Exactly. That is why I posted production numbers, and not capacity. I am not sure of the exact figure, but electricity generation from wind runs at between 20 and 25% of capacity.

  10. 60
    SecularAnimist says:

    Edward Greisch wrote: “Wind power still took ZERO fossil fueled power plants off line”

    According to the US Energy Information Administration:

    Plant owners and operators report to EIA that they expect to retire almost 27 gigawatts (GW) of capacity from 175 coal-fired generators between 2012 and 2016. In 2011, there were 1,387 coal-fired generators in the United States, totaling almost 318 GW. The 27 GW of retiring capacity amounts to 8.5% of total 2011 coal-fired capacity.

    The coal-fired capacity expected to be retired over the next five years is more than four times greater than retirements performed during the preceding five-year period (6.5 GW). Moreover, based on EIA data, the approximate 9 GW of coal-fired capacity retirements expected to occur in 2012 will likely be the largest one-year amount in the nation’s history. The record is, however, expected to be short-lived as almost 10 GW of coal-fired capacity are expected to retire in 2015.

    That’s rather more than “ZERO” fossil fueled power plants going off line, Edward.

    And given the rapidly plummeting cost of wind power, and its continuing rapid growth (to become “the number one source of new US electric generating capacity” in 2012, as noted above), it seems unreasonable to assert that wind power is not at least a contributing cause of the unprecedented, and growing, number of coal-fired power plants being retired.

  11. 61
    Paraquat says:

    Comment by SecularAnimist:

    That’s rather more than “ZERO” fossil fueled power plants going off line, Edward. And given the rapidly plummeting cost of wind power, and its continuing rapid growth (to become “the number one source of new US electric generating capacity” in 2012, as noted above), it seems unreasonable to assert that wind power is not at least a contributing cause of the unprecedented, and growing, number of coal-fired power plants being retired.

    I think that Edward has it right. Wind’s contribution to the power mix has been either nothing or next to nothing. As he pointed out, wind enthusiasts love to quote the “installed capacity” rather than what was actually generated. But even when you look at what was actually generated (in the above-mentioned examples, about 22% of installed capacity) the coal power plants don’t go offline just because the wind is blowing for a few hours. It takes at least a few hours to shut down any fossil fuel power plant, and equally at least a few hours for startup. But wind speeds can change considerably in just a few hours. going from calm to very windy back to calm in that time.

    The only type of power plant that works well with wind are hydro power plants, because starting and stopping can be accomplished in minutes. Denmark arguably has the only really useful wind power program, because the Danes can tap the excess hydro capacity of Norway (they share the grid). Unfortunately, the amount of excess hydro capacity available in the world (to serve as a backup for wind) is very limited.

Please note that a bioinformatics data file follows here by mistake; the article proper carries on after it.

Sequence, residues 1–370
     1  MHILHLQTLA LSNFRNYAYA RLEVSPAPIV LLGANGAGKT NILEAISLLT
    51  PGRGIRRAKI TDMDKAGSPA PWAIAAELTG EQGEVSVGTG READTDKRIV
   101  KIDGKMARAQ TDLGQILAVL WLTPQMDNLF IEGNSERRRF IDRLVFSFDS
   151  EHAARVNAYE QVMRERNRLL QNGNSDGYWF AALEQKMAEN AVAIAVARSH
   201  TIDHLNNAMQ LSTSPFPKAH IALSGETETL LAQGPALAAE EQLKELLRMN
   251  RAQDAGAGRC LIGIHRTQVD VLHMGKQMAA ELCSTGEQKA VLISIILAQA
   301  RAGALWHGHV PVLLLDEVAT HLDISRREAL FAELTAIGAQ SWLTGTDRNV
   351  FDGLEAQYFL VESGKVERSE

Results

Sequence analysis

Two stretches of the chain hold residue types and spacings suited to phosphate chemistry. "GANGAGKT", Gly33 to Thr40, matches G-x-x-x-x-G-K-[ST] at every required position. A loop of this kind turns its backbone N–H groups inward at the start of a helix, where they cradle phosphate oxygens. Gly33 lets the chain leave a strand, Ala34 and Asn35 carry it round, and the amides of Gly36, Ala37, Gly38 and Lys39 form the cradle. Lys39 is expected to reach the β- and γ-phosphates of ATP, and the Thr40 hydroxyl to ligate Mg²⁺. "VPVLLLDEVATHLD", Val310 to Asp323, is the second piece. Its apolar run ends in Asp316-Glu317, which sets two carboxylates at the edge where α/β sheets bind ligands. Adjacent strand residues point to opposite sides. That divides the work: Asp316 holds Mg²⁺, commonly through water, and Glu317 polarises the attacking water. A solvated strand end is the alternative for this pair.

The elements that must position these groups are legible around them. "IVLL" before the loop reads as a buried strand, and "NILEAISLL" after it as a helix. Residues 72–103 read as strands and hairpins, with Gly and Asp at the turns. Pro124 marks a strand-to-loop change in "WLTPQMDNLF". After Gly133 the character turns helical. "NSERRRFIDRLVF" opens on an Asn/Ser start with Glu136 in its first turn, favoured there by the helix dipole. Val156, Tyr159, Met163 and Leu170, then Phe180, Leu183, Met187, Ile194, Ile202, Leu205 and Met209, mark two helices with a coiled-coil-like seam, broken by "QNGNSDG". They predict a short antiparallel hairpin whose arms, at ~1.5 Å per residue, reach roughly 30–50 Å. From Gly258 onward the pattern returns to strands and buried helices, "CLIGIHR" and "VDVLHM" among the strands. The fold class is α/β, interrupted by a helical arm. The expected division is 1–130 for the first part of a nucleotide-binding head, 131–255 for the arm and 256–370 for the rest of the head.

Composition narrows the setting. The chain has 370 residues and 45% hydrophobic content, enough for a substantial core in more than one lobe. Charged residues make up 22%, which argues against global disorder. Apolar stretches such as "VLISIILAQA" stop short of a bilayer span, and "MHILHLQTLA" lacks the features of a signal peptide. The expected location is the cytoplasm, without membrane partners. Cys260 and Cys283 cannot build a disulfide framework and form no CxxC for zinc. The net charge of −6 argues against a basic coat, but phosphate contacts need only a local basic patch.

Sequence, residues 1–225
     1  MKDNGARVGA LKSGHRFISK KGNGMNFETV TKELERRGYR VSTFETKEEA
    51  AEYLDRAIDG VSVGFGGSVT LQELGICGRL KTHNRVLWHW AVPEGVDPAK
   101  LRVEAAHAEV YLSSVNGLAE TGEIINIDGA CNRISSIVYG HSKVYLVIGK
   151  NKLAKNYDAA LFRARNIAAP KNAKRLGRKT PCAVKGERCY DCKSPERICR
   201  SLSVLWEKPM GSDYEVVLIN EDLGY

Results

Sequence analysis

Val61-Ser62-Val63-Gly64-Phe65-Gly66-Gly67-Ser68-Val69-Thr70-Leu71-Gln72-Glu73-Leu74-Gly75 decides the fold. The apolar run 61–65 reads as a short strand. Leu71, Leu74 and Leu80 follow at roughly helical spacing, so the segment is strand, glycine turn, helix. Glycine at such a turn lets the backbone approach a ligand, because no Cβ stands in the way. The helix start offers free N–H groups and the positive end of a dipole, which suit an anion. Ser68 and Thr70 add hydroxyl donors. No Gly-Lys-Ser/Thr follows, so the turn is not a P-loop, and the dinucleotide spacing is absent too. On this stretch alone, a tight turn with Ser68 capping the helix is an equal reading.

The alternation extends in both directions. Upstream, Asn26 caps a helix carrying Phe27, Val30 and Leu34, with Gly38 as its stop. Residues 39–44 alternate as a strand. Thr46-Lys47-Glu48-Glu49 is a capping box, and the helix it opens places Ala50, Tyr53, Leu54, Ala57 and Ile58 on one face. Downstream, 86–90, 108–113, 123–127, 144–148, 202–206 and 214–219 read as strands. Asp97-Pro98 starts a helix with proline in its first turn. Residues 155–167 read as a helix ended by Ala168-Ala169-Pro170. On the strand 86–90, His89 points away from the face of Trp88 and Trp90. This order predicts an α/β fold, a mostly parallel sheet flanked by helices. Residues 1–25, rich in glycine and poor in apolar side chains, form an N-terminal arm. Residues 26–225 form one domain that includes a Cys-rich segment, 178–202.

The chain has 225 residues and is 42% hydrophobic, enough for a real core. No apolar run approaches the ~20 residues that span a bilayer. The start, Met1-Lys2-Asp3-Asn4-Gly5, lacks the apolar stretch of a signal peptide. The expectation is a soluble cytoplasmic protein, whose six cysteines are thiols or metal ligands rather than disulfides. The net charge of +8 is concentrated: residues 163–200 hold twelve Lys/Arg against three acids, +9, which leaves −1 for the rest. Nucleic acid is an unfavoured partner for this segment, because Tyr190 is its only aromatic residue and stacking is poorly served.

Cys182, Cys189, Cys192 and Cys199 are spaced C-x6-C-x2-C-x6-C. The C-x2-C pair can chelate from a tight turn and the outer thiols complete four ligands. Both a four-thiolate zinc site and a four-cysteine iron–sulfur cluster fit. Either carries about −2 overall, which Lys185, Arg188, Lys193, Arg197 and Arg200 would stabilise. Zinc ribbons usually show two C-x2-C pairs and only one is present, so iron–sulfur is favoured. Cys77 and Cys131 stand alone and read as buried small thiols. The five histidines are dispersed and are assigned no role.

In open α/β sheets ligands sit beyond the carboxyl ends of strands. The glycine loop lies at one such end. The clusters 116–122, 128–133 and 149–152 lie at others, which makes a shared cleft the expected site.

Yes, there has been a decrease in coal burning in the USA because of the available of (at the moment) very cheap natural gas due to the rapidly increasing fracking operations. The gas is so cheap that it’s being dumped on the market at below-cost prices. As long as it stays that cheap, the electric power companies will be glad to use it. Unfortunately, I’m not sure it will stay that cheap, but more worrying is the environmental cost of fracking. Aside from the now well-known problem of water pollution, a greater problem is the increase in methane leaking from the ground in areas that have been fracked. Since methane is 25 times more potent as a greenhouse gas than CO2, natural gas obtained from fracking might well cause MORE global warming than burning coal. I admit that statement is not certain – I don’t think that anybody has been able to quantify how much methane has been leaking due to fracking, but if it’s over 3% of what’s being produced than yes, it will be worse than burning coal.

    Yes, wind power will score a rapid increase in use until all the low-hanging fruit of good windy sites (or where hydro power backup) are taken. There are only a few sites that are reliably windy most of the time (Alaska’s Aleutian Islands comes to mind). I wish I could be more optimistic about wind, but my conclusion is that it’s less likely than solar to make any significant contribution to the energy mix (and solar has some serious limitations which I’ll discuss in another post at some future time – but I do like solar).

    I confess that I used the term “windmill” rather than “wind tower” on purpose, rather cynically, because I think that the current generation of wind farms are going to be about as useful against AGW as those old Dutch windmills used to grind grain. So I apologize if that offended anyone. However, I wish everyone would be willing to look unbiasedly at the hard truths about wind, solar, geothermal, and all the other “alternatives” – they are not panaceas (I wish they were) and periodically we all need a reality check. Unfortunately, many people get too emotional about their favorite technology. And doubly unfortunately, AGW (which I don’t doubt is real) won’t be wished away by such enthusiasm.